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Discussion Starter · #511 ·
HiFi

Couldn't agree more. One helluva ride, eh? A little too much extraneous, and irrelevant, 'paddock' activity for me nowadays, but the real point of it all begins when the red lights change for the green one.
 

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Well put!

Aesthetically, I prefer the pre-***-pack and aerofoil era, no doubt about it.

I also miss the sound of Matra or Ferrari V12's or even some of the the turbo era cars.

But watching the sheer speed - especially through corners - of today's cars is awe inspiring at times.
 

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Discussion Starter · #513 ·
Hi Fi

I noticed during TV coverage last year that a number of cameras were able to convey a sense of current cornering speeds, which I enjoyed so very much. Constantly subjecting drivers to between 2-7G in corners, under braking and acceleration, is out of the ordinary.

On the other hand I used to enjoy good ol' opposite-lock motoring, 250F style. Can't beat it. Oh yes you can...
 

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All epochs of F1 have excited me, and they still do. Occasionally, there are races that appear to be dull and processional, but there is still nothing to equal the sight, sound and paraphernalia of it all.

From the least, to the most, powerful cars, there's always something to produce secretions of adrenaline. I understand the views of armchair critics who moan that it's all boring, but TV by its very nature, cannot capture the unique experience of actually being there.

Some folk get excited by other sports, including cricket, tooty, darts, snooker and the rest.

I can only surmise that they've never experienced Stowe Corner, Tabac, Eau Rouge, Radillon, Tertre Rouge, Druids, Old Hall, Lodge and blah, blah, blah. I used to feel sorry for such folk but, alas, not any more...
I certainly don't limit myself to the 1960s and 70s although as the thread is titled Your Golden Epoch it implies you have to pick one. I also like all eras of the sport from the very earliest days of the 1900s through to 2021 and love watching the current Grands Prix.

Hi Fi

I noticed during TV coverage last year that a number of cameras were able to convey a sense of current cornering speeds, which I enjoyed so very much. Constantly subjecting drivers to between 2-7G in corners, under braking and acceleration, is out of the ordinary.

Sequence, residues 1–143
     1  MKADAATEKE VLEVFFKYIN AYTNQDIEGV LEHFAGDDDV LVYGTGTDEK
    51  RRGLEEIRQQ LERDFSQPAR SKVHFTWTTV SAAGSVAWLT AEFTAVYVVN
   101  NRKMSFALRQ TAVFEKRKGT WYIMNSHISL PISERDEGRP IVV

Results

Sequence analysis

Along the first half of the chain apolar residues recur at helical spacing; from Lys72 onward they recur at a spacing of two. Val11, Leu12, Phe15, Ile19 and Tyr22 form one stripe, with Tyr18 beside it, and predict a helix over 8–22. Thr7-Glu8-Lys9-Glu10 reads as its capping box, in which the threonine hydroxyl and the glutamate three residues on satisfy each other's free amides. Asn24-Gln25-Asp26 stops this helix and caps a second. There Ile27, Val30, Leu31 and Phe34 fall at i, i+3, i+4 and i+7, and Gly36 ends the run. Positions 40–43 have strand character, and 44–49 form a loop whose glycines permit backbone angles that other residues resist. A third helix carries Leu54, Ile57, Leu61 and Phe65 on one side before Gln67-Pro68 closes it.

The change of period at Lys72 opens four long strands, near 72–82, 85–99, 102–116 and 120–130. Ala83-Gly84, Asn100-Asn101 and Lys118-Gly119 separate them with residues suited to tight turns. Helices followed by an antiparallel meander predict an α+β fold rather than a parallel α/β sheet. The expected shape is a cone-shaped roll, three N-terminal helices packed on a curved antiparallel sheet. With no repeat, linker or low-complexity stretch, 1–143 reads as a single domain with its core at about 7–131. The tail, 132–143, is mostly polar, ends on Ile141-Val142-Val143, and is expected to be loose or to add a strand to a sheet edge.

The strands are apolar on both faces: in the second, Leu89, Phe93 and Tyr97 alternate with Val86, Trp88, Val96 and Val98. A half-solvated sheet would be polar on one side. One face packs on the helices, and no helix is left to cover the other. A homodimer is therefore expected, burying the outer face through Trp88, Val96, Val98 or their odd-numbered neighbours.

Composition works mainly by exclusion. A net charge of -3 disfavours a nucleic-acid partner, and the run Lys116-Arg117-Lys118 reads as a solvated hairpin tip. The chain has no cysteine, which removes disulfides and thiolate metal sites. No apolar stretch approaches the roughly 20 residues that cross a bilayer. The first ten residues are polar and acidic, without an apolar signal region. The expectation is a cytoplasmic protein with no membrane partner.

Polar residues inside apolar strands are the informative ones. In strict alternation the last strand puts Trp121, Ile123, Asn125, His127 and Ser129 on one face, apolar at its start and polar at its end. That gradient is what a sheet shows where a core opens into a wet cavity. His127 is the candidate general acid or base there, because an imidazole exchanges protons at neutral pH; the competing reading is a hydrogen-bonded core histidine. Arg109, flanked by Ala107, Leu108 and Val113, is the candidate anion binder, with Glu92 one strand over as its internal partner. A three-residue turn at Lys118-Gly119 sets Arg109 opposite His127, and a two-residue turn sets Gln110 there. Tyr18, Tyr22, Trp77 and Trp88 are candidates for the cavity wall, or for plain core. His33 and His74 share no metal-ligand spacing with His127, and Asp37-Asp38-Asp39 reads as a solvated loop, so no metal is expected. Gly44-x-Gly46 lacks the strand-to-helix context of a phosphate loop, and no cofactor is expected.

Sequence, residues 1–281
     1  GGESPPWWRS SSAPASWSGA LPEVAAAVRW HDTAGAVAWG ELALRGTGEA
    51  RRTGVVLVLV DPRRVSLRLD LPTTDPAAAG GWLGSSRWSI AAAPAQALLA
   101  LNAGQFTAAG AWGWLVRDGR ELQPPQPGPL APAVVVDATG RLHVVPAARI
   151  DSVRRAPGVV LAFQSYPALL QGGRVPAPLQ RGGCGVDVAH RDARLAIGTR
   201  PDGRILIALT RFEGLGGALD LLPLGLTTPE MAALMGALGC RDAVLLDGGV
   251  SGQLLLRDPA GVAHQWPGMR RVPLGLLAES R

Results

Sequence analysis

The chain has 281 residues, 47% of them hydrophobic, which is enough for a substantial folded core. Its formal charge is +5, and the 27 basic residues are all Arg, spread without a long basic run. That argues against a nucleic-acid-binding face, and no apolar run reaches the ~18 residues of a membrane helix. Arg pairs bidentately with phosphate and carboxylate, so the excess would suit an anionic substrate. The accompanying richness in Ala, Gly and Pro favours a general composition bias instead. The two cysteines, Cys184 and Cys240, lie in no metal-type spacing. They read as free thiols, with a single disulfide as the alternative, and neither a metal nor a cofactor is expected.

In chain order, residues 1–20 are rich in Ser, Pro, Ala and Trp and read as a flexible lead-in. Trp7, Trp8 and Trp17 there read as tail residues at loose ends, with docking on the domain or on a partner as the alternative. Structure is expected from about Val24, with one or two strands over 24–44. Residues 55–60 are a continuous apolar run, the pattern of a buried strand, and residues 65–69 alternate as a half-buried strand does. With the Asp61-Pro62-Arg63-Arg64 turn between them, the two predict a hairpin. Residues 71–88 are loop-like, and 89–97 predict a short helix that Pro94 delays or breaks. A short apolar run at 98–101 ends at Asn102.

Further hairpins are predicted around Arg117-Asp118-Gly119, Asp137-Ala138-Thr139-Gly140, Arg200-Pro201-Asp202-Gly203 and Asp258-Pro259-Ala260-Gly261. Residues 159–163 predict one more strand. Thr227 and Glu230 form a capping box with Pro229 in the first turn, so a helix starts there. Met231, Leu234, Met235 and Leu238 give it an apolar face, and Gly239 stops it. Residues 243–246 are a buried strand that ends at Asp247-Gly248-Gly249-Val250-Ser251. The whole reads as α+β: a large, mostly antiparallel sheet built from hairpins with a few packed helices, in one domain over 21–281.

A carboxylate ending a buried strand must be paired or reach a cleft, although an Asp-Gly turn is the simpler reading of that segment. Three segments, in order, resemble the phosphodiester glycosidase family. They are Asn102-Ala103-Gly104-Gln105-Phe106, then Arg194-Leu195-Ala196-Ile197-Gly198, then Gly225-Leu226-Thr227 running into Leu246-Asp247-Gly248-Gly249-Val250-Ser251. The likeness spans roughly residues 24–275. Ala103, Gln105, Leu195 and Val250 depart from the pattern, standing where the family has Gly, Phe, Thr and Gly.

On the other hand I used to enjoy good ol' opposite-lock motoring, 250F style. Can't beat it. Oh yes you can...
The best place I have spectated at for incredible turn in and cornering speed is at Copse Corner, You can line up the F1 cars coming straight towards you along the original pit straight and the initial change of direction is amazing as is the speed they carry through the corner.

David
 

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Discussion Starter · #515 ·
Copse! Probably the fastest 90-degree-right today. It was mastered by ground-effect in the mid 1980s. It almost, but not quite, defies physics. Terrifying.

Glad I'm old and that I've been sufficiently lucky to have witnessed the zenith of automotive evolution from fairly early days.

The motor car is dead. I look forward to its demise. Long live the motor car.
 

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I've dug out a few of my snaps from an F1 test at Silverstone in 2006. These were taken at Copse to try and illustrate what I was saying in my previous post.

Wheel Tire Car Vehicle Automotive tire


Kimi approaching Copse at top speed and just starting to turn in.

Tire Car Wheel Vehicle Helmet


A little further into the corner and you can just see the car loading up and the rear tyre starting to distort due to the high forces.

Tire Wheel Vehicle Car Automotive tire


Alonso mid corner still at more or less top speed and the rear tyre now really suffering due to the incredible cornering forces.

Still photos don't really convey the speed but I have great memories of standing at this point and seeing these cars at alarming speed.

David
 

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Interesting photo's David. The suspension movement is clearly extremely small. In the early 1980's I was at a test day at Donington Park and there was an F1 Williams there for a thrash.It had Rosberg's name on it but I don't think he was there though. Looking at the suspension, the shock absorber struts were polished up for about 6 mm only, showing the very limited bump travel. Even allowing for the angle of the shocker, this amounts to about 8 or 9 mm vertical bump travel at the wheel. The tyres must have done most of the work then too.